A conference report from Cuba (ICAHS2)
Cuba was very beautiful place to visit and the Cubans are easy going and have a good sense of humour, but we didn't see too much of the country as the ICAHS conference was quite intensive with talks running from 8.30 am to 6.30 pm every day. The talk topics were a real mix, including in-depth comparisons of data analysis techniques, optimising surveillance designs, novel use of mobile phones for data collection in resource-challenged environments, using social media to collected data, frameworks for syndromic classification, surveillance across the animal health – public health interface and much more.
SAVSNETT contributed to ICAHS with an oral presentation and a poster showing a novel approach for data collection from small animal practices and describing how SAVSNET data gathered from participating veterinary practices and labs provides for a coordinated flexible methodology for disease surveillance in companion animals. Interestingly, the SAVSNET contributions were the only works presented at ICAHS in representation of the health surveillance in companion animals. Feedback from the presentation and poster was very positive. We think both the format and message was well received and our small representation in ICAHS<sup>2</sup> created quite an impact at the conference. We were also approached and engaged by quite senior figures attending the conference and the buzz created after the presentation made the effort worthwhile. SAVSNET was also invited to participate in a post-conference workshop to discuss the idea of standardising syndromic classification in animal health data (SSynCAHD). This workshop was very positive and offered us new opportunities for future collaborations with other colleagues working in both animal and public health surveillance. Overall our project has some nice features that other surveillance systems presented have yet still to solve. These include the real time aspects of data collection and the ability to disseminate information to front line practitioners. Also, that the next steps in terms of automatic warning systems and data analysis is already being tackled in a variety of forms which could be useful reference points. We really enjoyed the format of the oral presentations with consecutive non-parallel talks, meaning that everyone was able to attend every talk of the conference and also that the SAVSNET talk was very well attended. For posters, authors were able to select the times in which they would be available at their poster, thus anyone interested could come and ask them questions during the time specified.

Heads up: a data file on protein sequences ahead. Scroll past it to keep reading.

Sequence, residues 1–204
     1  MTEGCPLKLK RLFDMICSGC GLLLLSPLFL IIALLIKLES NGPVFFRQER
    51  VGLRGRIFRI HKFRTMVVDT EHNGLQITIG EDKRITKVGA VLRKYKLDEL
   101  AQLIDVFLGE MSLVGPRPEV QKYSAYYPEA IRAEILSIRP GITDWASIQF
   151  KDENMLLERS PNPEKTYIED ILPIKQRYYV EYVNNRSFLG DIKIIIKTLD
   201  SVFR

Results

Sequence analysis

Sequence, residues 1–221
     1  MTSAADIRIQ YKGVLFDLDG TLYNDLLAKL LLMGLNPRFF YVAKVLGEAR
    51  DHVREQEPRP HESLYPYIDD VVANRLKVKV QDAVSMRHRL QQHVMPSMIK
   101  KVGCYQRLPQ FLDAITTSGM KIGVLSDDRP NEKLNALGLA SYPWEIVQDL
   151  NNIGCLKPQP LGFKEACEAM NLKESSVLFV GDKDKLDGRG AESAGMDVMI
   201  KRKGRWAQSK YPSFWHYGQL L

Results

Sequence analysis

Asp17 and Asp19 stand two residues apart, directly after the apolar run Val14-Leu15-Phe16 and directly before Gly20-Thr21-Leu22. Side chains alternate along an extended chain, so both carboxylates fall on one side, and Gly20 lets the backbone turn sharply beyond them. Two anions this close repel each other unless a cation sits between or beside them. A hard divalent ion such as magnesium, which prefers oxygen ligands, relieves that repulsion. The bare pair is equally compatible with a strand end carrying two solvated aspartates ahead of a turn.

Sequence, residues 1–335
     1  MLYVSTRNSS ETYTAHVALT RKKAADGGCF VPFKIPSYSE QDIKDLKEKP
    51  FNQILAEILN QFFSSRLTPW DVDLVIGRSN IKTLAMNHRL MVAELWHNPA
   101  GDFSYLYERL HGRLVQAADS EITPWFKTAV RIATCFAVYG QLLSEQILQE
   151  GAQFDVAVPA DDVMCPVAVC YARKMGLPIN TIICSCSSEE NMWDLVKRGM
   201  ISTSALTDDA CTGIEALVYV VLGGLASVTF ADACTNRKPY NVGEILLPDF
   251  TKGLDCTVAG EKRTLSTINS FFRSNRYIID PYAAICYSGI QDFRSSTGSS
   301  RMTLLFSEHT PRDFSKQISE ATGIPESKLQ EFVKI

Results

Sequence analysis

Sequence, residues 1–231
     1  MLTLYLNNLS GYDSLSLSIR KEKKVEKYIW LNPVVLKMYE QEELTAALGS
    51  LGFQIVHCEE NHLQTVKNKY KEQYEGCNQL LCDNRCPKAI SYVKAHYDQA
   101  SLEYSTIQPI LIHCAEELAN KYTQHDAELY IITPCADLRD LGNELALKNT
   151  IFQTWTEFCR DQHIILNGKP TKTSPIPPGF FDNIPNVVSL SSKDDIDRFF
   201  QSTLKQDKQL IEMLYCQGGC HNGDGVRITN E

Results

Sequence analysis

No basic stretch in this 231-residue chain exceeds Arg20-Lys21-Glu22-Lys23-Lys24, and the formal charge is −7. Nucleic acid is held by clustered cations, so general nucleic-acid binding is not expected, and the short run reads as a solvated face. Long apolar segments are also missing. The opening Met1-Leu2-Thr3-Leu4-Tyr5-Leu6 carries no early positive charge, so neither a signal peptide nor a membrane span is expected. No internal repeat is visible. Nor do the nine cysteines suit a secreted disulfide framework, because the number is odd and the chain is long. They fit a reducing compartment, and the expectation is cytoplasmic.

We think it was important that SAVSNET is represented in this conference which runs every three years and we think that for ICAHS3 there would be particular interest in seeing the farm animal version of SAVSNET.
Fernando and Tarek